Dismiss Notice
Join Physics Forums Today!
The friendliest, high quality science and math community on the planet! Everyone who loves science is here!

Fourier Transformations

  1. Mar 5, 2009 #1
    Can anyone explain the above-i've read about in books, internet sites and still do not understand what its doing or the maths.

  2. jcsd
  3. Mar 5, 2009 #2


    User Avatar
    Science Advisor

    Try wikipedia. It can't be explained in a few sentences.
  4. Mar 5, 2009 #3
    hmm, ive read that and although i understand the basic, i.e complicated function and representing with smaller functions with sin and cosine waves, the rest doesn't make sense no matter how many times I read it.
  5. Mar 5, 2009 #4
    how old are you? what level mathematical maturity do you have?
  6. Mar 5, 2009 #5
    Not really sure why it matters but im 21. hmmm not that much i guess?
  7. Mar 5, 2009 #6
    you know anything about vectors? how you can express any vector as a sum of basis vectors?
  8. Mar 5, 2009 #7
    hmmm cant say that I do, is that where I should start then?
  9. Mar 5, 2009 #8
    what do you know then? why do you want to know about fourier transforms?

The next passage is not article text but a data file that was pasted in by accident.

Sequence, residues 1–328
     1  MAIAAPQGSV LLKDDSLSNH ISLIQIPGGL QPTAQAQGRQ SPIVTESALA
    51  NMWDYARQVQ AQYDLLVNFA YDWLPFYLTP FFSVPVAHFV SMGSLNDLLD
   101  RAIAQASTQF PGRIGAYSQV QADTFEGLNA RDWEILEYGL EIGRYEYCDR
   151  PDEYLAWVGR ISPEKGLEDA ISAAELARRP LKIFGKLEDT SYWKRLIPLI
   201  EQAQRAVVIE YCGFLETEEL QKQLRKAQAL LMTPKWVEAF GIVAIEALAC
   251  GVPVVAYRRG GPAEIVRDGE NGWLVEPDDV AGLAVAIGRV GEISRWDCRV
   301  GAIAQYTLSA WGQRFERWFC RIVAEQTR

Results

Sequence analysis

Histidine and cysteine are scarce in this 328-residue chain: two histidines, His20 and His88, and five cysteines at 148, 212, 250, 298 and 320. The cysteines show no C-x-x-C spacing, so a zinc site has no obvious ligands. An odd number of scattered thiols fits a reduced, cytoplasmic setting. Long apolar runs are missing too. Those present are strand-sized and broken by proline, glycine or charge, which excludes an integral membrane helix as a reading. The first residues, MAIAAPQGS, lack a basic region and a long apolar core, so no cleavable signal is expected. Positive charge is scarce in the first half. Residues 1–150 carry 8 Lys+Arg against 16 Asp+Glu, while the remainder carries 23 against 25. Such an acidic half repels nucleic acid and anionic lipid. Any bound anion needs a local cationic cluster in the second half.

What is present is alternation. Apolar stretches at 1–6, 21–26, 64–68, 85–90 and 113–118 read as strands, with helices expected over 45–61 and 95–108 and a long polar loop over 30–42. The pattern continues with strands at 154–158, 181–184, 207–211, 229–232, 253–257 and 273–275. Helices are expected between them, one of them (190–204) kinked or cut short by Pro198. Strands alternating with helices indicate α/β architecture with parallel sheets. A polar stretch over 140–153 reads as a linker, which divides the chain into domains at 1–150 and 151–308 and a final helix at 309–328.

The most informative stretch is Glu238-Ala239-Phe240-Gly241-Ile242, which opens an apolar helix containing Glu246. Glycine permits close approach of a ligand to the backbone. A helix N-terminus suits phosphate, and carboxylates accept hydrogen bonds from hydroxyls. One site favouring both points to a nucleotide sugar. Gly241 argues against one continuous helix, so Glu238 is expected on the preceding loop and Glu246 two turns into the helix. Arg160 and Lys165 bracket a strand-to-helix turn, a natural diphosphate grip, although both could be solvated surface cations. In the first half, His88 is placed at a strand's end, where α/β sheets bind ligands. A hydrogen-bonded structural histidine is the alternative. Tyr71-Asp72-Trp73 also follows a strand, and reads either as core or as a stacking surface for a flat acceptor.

10. Mar 6, 2009 #9
    An intuitive explanation:
    I am sure you have seen one of these http://en.wikipedia.org/wiki/Spectral_analyzer" [Broken] found on Hi-Fi's or digital audio players, that plot frequency vs. amplitude. They take the audio signal (amplitude/time), apply the (discrete) Fourier transform, and display the resulting function (amplitude/frequency).

    To illustrate, take the function [tex]\cos(2\pi at)[/tex], which is a wave with frequency [tex]a[/tex]. Its Fourier transform is zero except for two "spikes" at [tex]-a[/tex] and [tex]a[/tex].

    A more mathematical reason why the Fourier transform is important, is that it turns differentiation into multiplication, see http://en.wikipedia.org/wiki/Fourier_Transform#Analysis_of_differential_equations", which is quite useful for solving some differential equations.
    Last edited by a moderator: May 4, 2017
Share this great discussion with others via Reddit, Google+, Twitter, or Facebook